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The Parthenon, a temple dedicated to Athena, located on the Acropolis in Athens, Greece
The Parthenon, a temple dedicated to Athena, located on the Acropolis in Athens, Greece

Ancient Greece (Greek: Ἑλλάς, romanizedHellás) was a northeastern Mediterranean civilization, existing from the Greek Dark Ages of the 12th–9th centuries BC to the end of classical antiquity (c. AD 600), that comprised a loose collection of culturally and linguistically related city-states and other territories—unified only once, for 13 years, under Alexander the Great's empire (336-323 BC). In Western history, the era of classical antiquity was immediately followed by the Early Middle Ages and the Byzantine period.

Roughly three centuries after the Late Bronze Age collapse of Mycenaean Greece, Greek urban poleis began to form in the 8th century BC, ushering in the Archaic period and colonization of the Mediterranean Basin. This was followed by the age of Classical Greece, from the Greco-Persian Wars to the 5th to 4th centuries BC. The conquests of Alexander the Great of Macedon spread Hellenistic civilization from the western Mediterranean to Central Asia. The Hellenistic period ended with the conquest of the eastern Mediterranean world by the Roman Republic, and the annexation of the Roman province of Macedonia in Roman Greece, and later the province of Achaea during the Roman Empire.

Classical Greek culture, especially philosophy, had a powerful influence on ancient Rome, which carried a version of it throughout the Mediterranean and much of Europe. For this reason, Classical Greece is generally considered the cradle of Western civilization, the seminal culture from which the modern West derives many of its founding archetypes and ideas in politics, philosophy, science, and art. (Full article...)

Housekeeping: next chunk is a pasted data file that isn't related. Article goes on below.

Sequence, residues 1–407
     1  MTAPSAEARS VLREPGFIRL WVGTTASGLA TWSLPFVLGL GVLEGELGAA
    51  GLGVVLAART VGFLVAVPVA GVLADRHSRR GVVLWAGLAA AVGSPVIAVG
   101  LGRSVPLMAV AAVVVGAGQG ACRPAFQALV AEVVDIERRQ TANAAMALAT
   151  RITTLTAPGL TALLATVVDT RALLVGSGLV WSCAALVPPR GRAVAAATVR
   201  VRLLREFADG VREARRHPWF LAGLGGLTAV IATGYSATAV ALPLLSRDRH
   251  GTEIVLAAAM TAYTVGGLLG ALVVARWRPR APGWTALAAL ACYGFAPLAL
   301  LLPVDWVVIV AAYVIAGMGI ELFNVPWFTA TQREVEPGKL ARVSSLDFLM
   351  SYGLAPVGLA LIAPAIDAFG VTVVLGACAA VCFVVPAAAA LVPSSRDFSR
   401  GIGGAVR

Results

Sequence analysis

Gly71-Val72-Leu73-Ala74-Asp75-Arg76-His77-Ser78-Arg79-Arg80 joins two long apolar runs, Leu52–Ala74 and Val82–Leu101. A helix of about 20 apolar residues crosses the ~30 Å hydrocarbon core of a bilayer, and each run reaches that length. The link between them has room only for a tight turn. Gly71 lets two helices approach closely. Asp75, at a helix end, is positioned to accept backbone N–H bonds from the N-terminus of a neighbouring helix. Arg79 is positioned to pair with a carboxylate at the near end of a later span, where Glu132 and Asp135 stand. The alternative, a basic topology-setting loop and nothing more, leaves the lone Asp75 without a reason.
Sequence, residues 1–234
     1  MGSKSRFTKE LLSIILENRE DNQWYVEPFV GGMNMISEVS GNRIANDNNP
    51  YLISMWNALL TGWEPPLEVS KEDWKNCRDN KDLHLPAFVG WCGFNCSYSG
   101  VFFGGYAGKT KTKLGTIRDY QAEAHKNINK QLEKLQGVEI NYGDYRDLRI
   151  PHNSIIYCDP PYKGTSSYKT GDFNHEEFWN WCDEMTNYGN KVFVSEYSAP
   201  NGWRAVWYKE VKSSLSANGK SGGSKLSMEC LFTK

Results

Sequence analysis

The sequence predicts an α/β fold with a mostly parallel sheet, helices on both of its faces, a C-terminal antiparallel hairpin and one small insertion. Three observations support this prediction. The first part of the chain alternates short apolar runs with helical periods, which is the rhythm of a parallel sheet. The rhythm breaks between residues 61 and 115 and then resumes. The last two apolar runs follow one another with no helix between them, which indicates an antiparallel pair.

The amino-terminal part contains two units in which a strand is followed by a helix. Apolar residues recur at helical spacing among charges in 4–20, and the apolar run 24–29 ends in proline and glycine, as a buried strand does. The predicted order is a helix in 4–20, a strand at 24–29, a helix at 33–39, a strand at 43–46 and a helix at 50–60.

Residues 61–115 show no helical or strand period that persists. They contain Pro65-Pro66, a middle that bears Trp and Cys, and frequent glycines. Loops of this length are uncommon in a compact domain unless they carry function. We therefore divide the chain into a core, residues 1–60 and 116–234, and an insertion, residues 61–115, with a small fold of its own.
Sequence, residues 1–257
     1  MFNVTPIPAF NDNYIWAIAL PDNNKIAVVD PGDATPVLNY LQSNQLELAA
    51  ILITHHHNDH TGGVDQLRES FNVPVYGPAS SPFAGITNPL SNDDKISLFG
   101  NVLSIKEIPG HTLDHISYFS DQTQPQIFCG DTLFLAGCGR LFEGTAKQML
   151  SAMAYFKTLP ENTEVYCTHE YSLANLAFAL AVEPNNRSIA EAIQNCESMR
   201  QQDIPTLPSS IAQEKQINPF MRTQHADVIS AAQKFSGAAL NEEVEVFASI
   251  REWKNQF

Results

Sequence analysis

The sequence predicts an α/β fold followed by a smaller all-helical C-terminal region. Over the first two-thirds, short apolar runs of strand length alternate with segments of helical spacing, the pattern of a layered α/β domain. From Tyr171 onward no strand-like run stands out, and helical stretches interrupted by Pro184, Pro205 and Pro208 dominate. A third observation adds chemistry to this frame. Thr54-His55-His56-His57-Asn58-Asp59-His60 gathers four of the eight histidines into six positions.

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An engraving of Orion from Johann Bayer's Uranometria, 1603 (US Naval Observatory Library)
An engraving of Orion from Johann Bayer's Uranometria, 1603 (US Naval Observatory Library)

In Greek mythology, Orion (/əˈrən/; Ancient Greek: Ὠρίων or Ὠαρίων; Latin: Orion) was a giant huntsman whom Zeus (or perhaps Artemis) placed among the stars as the constellation of Orion.

Ancient sources told several different stories about Orion; there are two major versions of his birth and several versions of his death. The most important recorded episodes are: his birth in Boeotia, his visit to Chios where he met Merope and raped her, being blinded by Merope's father, the recovery of his sight at Lemnos, his hunting with Artemis on Crete, his death by the bow of Artemis or the sting of the giant scorpion which became Scorpius, and his elevation to the heavens. Most ancient sources omit some of these episodes and several tell only one. These various incidents may originally have been independent, unrelated stories, and it is impossible to tell whether the omissions are simple brevity or represent a real disagreement. (Full article...)
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View of the ancient theater.
View of the ancient theater.

The Amphiareion of Oropos (Greek: Άμφιάρειο Ωρωπού), situated in the hills 6 km southeast of the fortified port of Oropos, was a sanctuary dedicated in the late 5th century BCE to the hero Amphiaraos, where pilgrims went to seek oracular responses and healing. It became particularly successful during the 4th century BCE, to judge from the intensive building at the site. The hero Amphiaraos was a descendant of the seer Melampos and initially refused to participate in the attack on Thebes (detailed in the Seven Against Thebes of Aeschylus) because he could foresee that it would be a disaster. In some versions of the myth, the earth opens and swallows the chariot of Amphiaraos, transforming him into a chthonic hero. Today the site is found east of the modern town Markopoulo Oropou in the Oropos municipality of Attica, Greece